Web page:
An Assessment of Risks, Costs, and Benefits
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Author: National Academies of Sciences, Engineering, and Medicine,Division on Earth and Life Studies,Water Science and Technology Board,Committee on the Beneficial Use of Graywater and Stormwater: An Assessment of Risks, Costs, and Benefits
Publisher: National Academies Press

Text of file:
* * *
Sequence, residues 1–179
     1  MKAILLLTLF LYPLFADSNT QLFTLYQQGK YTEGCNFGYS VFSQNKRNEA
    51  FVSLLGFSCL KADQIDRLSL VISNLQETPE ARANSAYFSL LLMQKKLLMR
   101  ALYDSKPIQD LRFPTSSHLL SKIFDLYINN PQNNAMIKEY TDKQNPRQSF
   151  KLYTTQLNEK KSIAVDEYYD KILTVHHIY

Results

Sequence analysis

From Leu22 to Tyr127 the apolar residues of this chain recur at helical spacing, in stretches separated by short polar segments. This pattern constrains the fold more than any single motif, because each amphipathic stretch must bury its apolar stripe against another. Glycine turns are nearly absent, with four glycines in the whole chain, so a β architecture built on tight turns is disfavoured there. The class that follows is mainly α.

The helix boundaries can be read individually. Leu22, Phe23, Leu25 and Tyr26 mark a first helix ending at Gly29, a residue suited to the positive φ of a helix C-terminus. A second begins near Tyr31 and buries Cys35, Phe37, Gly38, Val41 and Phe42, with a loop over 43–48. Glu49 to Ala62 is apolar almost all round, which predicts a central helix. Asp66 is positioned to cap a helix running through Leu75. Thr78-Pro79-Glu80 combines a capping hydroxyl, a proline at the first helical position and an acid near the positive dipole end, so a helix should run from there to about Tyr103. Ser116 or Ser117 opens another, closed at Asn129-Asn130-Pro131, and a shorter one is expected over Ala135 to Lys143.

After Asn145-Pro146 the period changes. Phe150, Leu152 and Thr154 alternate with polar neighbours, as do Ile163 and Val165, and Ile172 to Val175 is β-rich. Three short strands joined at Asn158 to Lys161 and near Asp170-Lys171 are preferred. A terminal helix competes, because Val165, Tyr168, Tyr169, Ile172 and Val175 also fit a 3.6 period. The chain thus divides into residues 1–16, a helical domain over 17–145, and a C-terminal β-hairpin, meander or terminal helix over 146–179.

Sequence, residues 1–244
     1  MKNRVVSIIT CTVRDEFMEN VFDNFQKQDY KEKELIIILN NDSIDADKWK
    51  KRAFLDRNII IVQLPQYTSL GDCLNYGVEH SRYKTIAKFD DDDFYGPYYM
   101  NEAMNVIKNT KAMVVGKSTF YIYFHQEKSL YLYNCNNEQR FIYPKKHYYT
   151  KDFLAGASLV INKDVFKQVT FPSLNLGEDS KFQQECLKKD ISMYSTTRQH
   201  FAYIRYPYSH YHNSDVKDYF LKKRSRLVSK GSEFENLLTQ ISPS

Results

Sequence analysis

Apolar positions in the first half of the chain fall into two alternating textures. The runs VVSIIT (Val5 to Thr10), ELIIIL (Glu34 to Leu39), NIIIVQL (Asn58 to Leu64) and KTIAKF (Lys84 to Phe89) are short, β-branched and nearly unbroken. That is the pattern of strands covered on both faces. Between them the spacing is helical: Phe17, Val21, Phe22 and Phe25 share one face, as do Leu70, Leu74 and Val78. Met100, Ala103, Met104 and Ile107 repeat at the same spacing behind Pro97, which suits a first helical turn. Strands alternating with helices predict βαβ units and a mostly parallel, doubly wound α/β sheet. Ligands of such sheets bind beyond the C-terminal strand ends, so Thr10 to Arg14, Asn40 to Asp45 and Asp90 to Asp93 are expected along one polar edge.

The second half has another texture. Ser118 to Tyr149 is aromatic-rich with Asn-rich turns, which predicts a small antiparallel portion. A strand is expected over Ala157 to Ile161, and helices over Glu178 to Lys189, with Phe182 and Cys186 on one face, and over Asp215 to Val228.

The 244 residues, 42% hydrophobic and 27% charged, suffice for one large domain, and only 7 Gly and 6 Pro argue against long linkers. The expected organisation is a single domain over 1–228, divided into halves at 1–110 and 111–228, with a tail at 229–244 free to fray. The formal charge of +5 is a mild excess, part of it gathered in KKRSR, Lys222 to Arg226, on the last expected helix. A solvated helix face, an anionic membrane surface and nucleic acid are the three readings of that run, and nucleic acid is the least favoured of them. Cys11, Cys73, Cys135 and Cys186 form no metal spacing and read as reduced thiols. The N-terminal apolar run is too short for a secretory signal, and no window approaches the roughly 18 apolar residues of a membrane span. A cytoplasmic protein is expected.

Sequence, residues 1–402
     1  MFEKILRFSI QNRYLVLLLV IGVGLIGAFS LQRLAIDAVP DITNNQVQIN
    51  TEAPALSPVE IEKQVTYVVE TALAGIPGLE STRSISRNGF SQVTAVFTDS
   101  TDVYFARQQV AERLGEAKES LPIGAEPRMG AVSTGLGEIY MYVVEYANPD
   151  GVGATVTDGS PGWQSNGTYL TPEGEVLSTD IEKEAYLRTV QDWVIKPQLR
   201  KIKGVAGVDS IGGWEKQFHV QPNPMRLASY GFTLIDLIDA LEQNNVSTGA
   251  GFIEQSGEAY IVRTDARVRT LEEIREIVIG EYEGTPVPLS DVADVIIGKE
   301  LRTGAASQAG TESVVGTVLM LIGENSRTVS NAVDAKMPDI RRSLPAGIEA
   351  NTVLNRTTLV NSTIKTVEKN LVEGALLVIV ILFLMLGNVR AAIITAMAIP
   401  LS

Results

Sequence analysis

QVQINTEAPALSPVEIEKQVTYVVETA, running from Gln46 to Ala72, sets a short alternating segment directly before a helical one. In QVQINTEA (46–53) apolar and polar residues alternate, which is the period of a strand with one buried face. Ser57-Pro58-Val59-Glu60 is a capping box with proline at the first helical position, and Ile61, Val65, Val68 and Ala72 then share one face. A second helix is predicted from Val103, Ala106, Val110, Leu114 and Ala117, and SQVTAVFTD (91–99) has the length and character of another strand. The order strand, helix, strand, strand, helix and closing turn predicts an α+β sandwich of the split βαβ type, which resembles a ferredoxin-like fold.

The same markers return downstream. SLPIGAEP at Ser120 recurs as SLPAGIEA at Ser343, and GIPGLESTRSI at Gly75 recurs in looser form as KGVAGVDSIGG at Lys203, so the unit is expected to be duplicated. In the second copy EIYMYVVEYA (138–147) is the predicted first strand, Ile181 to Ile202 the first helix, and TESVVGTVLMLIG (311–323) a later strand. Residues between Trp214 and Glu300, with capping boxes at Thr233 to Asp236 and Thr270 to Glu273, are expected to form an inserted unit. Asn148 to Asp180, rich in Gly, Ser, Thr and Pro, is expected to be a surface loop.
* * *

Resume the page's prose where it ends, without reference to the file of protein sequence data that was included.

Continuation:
Chronic and episodic water shortages are becoming common in many regions of the United States, and population growth in water-scarce regions further compounds the challenges. Increasingly, alternative water sources such as graywater-untreated wastewater that does not include water from the toilet but generally includes water from bathroom sinks, showers, bathtubs, clothes washers, and laundry sinks- and stormwater-water from rainfall or snow that can be measured downstream in a pipe, culvert, or stream shortly after the precipitation event-are being viewed as resources to supplement scarce water supplies rather than as waste to be discharged as rapidly as possible. Graywater and stormwater can serve a range of non-potable uses, including irrigation, toilet flushing, washing, and cooling, although treatment may be needed. Stormwater may also be used to recharge groundwater, which may ultimately be tapped for potable use. In addition to providing additional sources of local water supply, harvesting stormwater has many potential benefits, including energy savings, pollution prevention, and reducing the impacts of urban development on urban streams. Similarly, the reuse of graywater can enhance water supply reliability and extend the capacity of existing wastewater systems in growing cities. Despite the benefits of using local alternative water sources to address water demands, many questions remain that have limited the broader application of graywater and stormwater capture and use. In particular, limited information is available on the costs, benefits, and risks of these projects, and beyond the simplest applications many state and local public health agencies have not developed regulatory frameworks for full use of these local water resources. To address these issues, Using Graywater and Stormwater to Enhance Local Water Supplies analyzes the risks, costs, and benefits on various uses of graywater and stormwater. This report examines technical, economic, regulatory, and social issues associated with graywater and stormwater capture for a range of uses, including non-potable urban uses, irrigation, and groundwater recharge. Using Graywater and Stormwater to Enhance Local Water Supplies considers the quality and suitability of water for reuse, treatment and storage technologies, and human health and environmental risks of water reuse. The findings and recommendations of this report will be valuable for water managers, citizens of states under a current drought, and local and state health and environmental agencies.